The mice were divided into two groups - those who had been recently paralyzed (acute), and those who had been paralyzed for at least a year in human terms (chronic).

The mice with acute paralyzation regained the ability to walk within the space of three months after the insertion of the implant, showing significant gains over mice with acute paralysis that had been left untreated.

While the untreated mice did regain partial motor function over time, they showed worse coordination, and a greatly decreased ability to place pressure on the injured foot, among other issues, than those that underwent the implantation of the lab-grown spinal cord.

 Visualization of the next stage of the research - human spinal cord implants for treating paralysis (credit: SAGOL CENTER FOR REGENERATIVE BIOTECHNOLOGY) Visualization of the next stage of the research - human spinal cord implants for treating paralysis (credit: SAGOL CENTER FOR REGENERATIVE BIOTECHNOLOGY)

Following the success observed in the acute phase of injury, the research team moved on to testing the same theory in the mice with chronic paralyzation, a more clinically relevant model due to the extent of permanent damage to the spinal cord still being unclear during the acute phase of paralysis.

Six weeks after implanting the artificial spinal cord into the mice with chronic paralyzation, the animals showed significant improvement, indicating that the implant had successfully been integrated into the body. Overall, 80% of the mice in the test group regained the ability to walk.

“The model animals underwent a rapid rehabilitation process, at the end of which they could walk quite well,” Dvir explained. “This is the first instance in the world in which implanted engineered human tissues have generated recovery in an animal model for long-term chronic paralysis, which is the most relevant model for paralysis treatments in humans.”

 Visualization of the next stage of the research - human spinal cord implants for treating paralysis (credit: SAGOL CENTER FOR REGENERATIVE BIOTECHNOLOGY) Visualization of the next stage of the research - human spinal cord implants for treating paralysis (credit: SAGOL CENTER FOR REGENERATIVE BIOTECHNOLOGY)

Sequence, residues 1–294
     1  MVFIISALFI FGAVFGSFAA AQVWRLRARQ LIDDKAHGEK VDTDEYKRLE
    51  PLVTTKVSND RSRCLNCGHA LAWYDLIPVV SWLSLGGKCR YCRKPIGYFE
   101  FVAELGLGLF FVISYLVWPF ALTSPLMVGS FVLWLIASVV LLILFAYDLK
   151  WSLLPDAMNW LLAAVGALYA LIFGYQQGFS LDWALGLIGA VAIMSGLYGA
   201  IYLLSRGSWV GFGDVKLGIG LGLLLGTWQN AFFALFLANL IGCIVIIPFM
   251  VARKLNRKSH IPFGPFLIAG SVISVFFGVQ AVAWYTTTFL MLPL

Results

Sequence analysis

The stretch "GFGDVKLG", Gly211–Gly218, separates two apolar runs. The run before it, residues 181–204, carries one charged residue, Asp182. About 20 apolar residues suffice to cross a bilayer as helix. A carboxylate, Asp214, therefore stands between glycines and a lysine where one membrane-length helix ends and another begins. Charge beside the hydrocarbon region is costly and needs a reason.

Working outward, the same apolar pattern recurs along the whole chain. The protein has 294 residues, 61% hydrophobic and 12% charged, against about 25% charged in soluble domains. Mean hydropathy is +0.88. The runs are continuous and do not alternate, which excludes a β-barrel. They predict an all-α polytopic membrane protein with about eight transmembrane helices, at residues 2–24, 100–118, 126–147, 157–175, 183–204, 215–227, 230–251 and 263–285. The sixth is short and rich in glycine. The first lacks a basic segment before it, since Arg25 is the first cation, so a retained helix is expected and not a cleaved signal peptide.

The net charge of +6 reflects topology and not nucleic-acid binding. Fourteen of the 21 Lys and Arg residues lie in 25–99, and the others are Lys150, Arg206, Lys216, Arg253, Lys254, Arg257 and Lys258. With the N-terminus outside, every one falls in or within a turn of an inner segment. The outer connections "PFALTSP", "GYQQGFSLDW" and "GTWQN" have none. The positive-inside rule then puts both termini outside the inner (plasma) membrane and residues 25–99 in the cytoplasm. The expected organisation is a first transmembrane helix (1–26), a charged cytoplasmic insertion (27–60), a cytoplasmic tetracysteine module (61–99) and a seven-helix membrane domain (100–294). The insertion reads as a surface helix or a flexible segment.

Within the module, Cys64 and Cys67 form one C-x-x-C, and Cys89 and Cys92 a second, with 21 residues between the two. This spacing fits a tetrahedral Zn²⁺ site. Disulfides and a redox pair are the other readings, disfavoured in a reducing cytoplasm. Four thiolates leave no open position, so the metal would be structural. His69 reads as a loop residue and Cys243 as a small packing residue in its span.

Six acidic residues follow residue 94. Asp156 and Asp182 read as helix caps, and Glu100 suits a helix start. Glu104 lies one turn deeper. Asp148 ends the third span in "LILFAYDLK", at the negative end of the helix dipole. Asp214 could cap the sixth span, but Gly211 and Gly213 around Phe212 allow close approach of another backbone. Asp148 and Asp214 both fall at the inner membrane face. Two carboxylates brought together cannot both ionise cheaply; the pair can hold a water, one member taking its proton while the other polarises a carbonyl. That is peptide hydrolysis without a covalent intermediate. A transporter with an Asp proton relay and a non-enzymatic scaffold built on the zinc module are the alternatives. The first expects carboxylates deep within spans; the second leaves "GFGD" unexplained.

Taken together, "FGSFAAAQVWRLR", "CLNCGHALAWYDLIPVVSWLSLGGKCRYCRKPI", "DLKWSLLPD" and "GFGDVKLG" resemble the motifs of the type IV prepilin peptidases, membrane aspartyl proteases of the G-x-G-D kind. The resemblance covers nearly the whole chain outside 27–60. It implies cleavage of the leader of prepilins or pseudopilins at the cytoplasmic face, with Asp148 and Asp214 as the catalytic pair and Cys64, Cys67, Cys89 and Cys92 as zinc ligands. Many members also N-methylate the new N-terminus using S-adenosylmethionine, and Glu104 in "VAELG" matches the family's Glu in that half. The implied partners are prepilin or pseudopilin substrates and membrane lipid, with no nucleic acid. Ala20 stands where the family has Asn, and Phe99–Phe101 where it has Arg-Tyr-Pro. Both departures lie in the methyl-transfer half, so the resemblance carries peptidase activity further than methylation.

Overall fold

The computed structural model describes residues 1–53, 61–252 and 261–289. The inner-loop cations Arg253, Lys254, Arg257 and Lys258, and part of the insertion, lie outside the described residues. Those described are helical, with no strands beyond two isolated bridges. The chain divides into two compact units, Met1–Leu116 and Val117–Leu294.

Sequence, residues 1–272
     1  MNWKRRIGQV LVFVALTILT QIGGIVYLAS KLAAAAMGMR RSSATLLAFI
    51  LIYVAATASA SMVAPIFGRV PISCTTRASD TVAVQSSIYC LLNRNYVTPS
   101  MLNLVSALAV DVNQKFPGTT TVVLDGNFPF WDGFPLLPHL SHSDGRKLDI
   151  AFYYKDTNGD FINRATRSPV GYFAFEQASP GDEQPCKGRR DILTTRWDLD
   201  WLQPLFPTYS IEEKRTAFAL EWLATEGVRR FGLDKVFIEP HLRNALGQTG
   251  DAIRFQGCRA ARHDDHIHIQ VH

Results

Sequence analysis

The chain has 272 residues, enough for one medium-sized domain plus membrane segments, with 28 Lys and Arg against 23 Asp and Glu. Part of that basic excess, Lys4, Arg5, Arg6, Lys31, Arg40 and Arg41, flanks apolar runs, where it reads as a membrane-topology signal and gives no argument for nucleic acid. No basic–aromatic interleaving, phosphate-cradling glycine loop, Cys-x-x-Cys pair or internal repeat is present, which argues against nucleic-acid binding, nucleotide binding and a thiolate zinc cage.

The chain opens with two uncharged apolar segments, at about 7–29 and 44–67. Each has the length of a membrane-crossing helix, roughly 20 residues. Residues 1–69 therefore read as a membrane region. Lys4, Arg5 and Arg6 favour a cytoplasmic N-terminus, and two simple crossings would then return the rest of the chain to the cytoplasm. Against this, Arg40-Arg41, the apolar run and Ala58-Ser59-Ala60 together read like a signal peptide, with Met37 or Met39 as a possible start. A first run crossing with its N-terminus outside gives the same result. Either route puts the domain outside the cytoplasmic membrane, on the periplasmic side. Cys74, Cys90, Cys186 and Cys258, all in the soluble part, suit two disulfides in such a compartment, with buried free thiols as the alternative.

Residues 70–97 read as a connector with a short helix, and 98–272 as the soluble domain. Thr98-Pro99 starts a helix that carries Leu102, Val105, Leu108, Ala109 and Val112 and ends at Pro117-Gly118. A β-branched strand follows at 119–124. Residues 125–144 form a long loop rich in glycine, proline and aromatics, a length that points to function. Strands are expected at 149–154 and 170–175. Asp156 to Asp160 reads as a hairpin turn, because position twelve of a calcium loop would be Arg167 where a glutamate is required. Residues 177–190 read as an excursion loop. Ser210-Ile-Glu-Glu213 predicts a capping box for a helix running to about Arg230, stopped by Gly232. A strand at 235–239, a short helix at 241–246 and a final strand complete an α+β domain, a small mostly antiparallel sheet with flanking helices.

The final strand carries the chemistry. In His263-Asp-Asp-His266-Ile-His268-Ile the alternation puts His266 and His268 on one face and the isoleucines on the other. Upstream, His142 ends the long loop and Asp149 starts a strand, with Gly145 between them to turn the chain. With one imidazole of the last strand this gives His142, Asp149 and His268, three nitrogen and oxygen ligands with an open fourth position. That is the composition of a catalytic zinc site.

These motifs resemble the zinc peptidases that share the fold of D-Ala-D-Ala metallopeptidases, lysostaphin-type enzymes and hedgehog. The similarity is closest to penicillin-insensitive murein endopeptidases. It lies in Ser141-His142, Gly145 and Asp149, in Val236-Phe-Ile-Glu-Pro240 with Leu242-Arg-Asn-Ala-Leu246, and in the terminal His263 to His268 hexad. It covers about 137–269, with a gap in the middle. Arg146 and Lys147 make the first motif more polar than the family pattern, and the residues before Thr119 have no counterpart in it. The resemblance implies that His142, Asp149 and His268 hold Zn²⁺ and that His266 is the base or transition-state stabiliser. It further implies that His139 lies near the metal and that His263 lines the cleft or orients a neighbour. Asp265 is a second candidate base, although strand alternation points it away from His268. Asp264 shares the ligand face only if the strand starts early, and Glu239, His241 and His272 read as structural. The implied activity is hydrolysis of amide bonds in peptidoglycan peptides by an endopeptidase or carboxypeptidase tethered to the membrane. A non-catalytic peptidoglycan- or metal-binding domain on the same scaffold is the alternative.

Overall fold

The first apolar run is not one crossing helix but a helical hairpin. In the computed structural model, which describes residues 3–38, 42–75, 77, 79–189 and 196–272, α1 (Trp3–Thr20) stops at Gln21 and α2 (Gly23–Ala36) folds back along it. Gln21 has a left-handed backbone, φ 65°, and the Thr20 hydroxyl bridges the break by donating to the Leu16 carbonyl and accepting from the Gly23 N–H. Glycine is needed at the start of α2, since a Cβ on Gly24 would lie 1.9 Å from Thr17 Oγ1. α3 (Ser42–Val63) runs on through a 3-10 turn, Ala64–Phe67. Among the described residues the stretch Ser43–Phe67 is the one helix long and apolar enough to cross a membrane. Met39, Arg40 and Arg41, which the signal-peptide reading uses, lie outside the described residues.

FOLLOWING THE success seen in the lab trials and the results observed in the mice post-implant, the researchers hope to progress to clinical trials in humans within the next few years. They have already held talks with the FDA regarding the preclinical program.

“Since we are proposing an advanced technology in regenerative medicine, and since at present there is no alternative for paralyzed patients, we have good reason to expect relatively rapid approval of our technology,” he explained.

Based on this revolutionary organ-engineering technology, Dvir teamed up with industry partners to establish Matricelf in 2019. The company applies his approach in their work with the aim of making spinal cord implant treatments commercially available.

How could this impact the field of medicine?

While the study specifically focused on injured spinal cords, the researchers hope that in the future the same technology could be applied and used to treat a variety of different diseases and injuries such as Parkinson’s, brain trauma, myocardial infarction and age-related macular degeneration, all of which they are currently researching through this technology.

“There are millions of people around the world who are paralyzed due to spinal injury, and there is still no effective treatment for their condition,” Dvir said.

“Individuals injured at a very young age are destined to sit in a wheelchair for the rest of their lives, bearing all the social, financial and health-related costs of paralysis," he said. "Our goal is to produce personalized spinal cord implants for every paralyzed person, enabling regeneration of the damaged tissue with no risk of rejection.”